ignis faatus | by Joy Overbrook

          share this plate with me dear // it holds

          just enough for the two of us. the kitchen’s run out of meals you see // and this

          is the last of it.

 

          wait, you take // the first bite

  i think you need it more than i.

 

         the cook // she has a way with corn pudding you can

          taste the toil of her // motherly hands empty after her only son

          stopped visiting for the soups.

 

          months, or was it years?

he lay // strung out on rolling heaps of

  

          apathetic garbage and disappeared like a ghost // but that was

          ages ago, and you can still hear him on the days she // works.

          the thought’s enough to destroy my appetite.

i’d better get back to my kitchen.

 

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Joy Overbrook is a writer of poetry and prose, with a particular interest in the brief yet poignant. Her work is published or forthcoming in Train Flash Fiction, Flumes Journal, Story and Grit, and right here in Occulum, among others. For more information, please visit her on Twitter @joy_overbrook

 

 

 

 

In (response to/preparation for) the recent shooting(s) | by Zackary Lavoie

If He is upstairs His footsteps are quiet. Like a flank of lamb
On a hot stone, I am searing. The hair on the back of my neck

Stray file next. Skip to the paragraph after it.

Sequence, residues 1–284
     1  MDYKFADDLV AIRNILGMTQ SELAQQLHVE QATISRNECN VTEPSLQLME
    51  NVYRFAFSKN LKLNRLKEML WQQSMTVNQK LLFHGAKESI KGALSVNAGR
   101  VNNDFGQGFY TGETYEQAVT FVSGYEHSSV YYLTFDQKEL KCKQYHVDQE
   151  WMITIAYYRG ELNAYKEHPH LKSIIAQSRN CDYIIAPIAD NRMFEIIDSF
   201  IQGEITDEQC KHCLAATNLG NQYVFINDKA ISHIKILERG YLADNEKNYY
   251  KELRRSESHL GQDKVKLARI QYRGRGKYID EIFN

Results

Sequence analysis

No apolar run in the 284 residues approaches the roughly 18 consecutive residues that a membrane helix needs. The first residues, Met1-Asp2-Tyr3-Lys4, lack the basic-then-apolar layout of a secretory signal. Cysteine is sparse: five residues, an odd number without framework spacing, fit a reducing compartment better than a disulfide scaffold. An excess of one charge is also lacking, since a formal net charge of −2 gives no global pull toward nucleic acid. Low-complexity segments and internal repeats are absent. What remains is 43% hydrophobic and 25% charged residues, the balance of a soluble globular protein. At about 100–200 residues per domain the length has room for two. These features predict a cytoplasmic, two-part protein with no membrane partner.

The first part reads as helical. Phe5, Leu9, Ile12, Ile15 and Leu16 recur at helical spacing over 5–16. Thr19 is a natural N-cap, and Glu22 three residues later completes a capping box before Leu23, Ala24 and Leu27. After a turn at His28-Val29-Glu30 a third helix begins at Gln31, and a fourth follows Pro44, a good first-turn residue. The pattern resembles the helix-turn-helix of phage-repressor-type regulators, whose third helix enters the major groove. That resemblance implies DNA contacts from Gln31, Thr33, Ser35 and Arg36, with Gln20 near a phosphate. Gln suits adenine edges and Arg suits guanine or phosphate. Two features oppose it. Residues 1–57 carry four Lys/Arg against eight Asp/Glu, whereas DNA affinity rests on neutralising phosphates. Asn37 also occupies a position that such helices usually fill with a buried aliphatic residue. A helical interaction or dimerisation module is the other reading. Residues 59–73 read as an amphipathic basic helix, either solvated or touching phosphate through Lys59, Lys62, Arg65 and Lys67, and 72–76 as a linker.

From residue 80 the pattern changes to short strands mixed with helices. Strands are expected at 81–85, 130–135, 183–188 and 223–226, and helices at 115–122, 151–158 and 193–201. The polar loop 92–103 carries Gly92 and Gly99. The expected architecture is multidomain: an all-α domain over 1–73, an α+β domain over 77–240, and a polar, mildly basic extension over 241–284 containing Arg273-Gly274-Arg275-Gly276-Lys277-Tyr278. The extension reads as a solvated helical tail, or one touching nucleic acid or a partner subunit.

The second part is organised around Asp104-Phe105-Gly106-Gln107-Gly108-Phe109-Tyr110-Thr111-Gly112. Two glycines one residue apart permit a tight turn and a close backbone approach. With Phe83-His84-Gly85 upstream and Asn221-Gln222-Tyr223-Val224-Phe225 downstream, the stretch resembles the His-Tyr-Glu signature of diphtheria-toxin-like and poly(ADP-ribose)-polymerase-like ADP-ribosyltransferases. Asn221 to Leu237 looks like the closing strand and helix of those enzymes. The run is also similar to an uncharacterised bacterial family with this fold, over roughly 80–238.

Stands and is singed by direct impingement and heat seethes down
My Picatinny vertebrae. As I lay upon scorched earth, the nerves, originating

From the base of my hips, become threaded and harden. Here, looking up
From the base of this tree, the highest branches form an iron crosshair

Pushed hard against the sky’s temple. I wonder if you take the pressure
Created by all the hands pressed together in prayer and put it against

A trigger if it would fire. I wonder if the sound of it going off would echo
Against the nave of the church or of the person. I’m starting

To think.

The air here has started to pull me the way an oar pulls
The water around it in vortexual thrusts.

Listen:

Awareness and disgust have become the same and I am sick.
We are sick.

 

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Zackary Lavoie graduated from the University of Maine at Farmington and currently sits as the Director’s Chair Fellow at Alice James Books. He has poems forthcoming in Empty Mirror Magazine and Dirty Paws Poetry Review. His chapbook “UPHEAVALS” is forthcoming. He can be found on Twitter and Instagram @zclavoie

 

 

 

Three Poems | by Terese Pierre

Any Persistent Creator

Speak of loud objects,
words filled with fluid that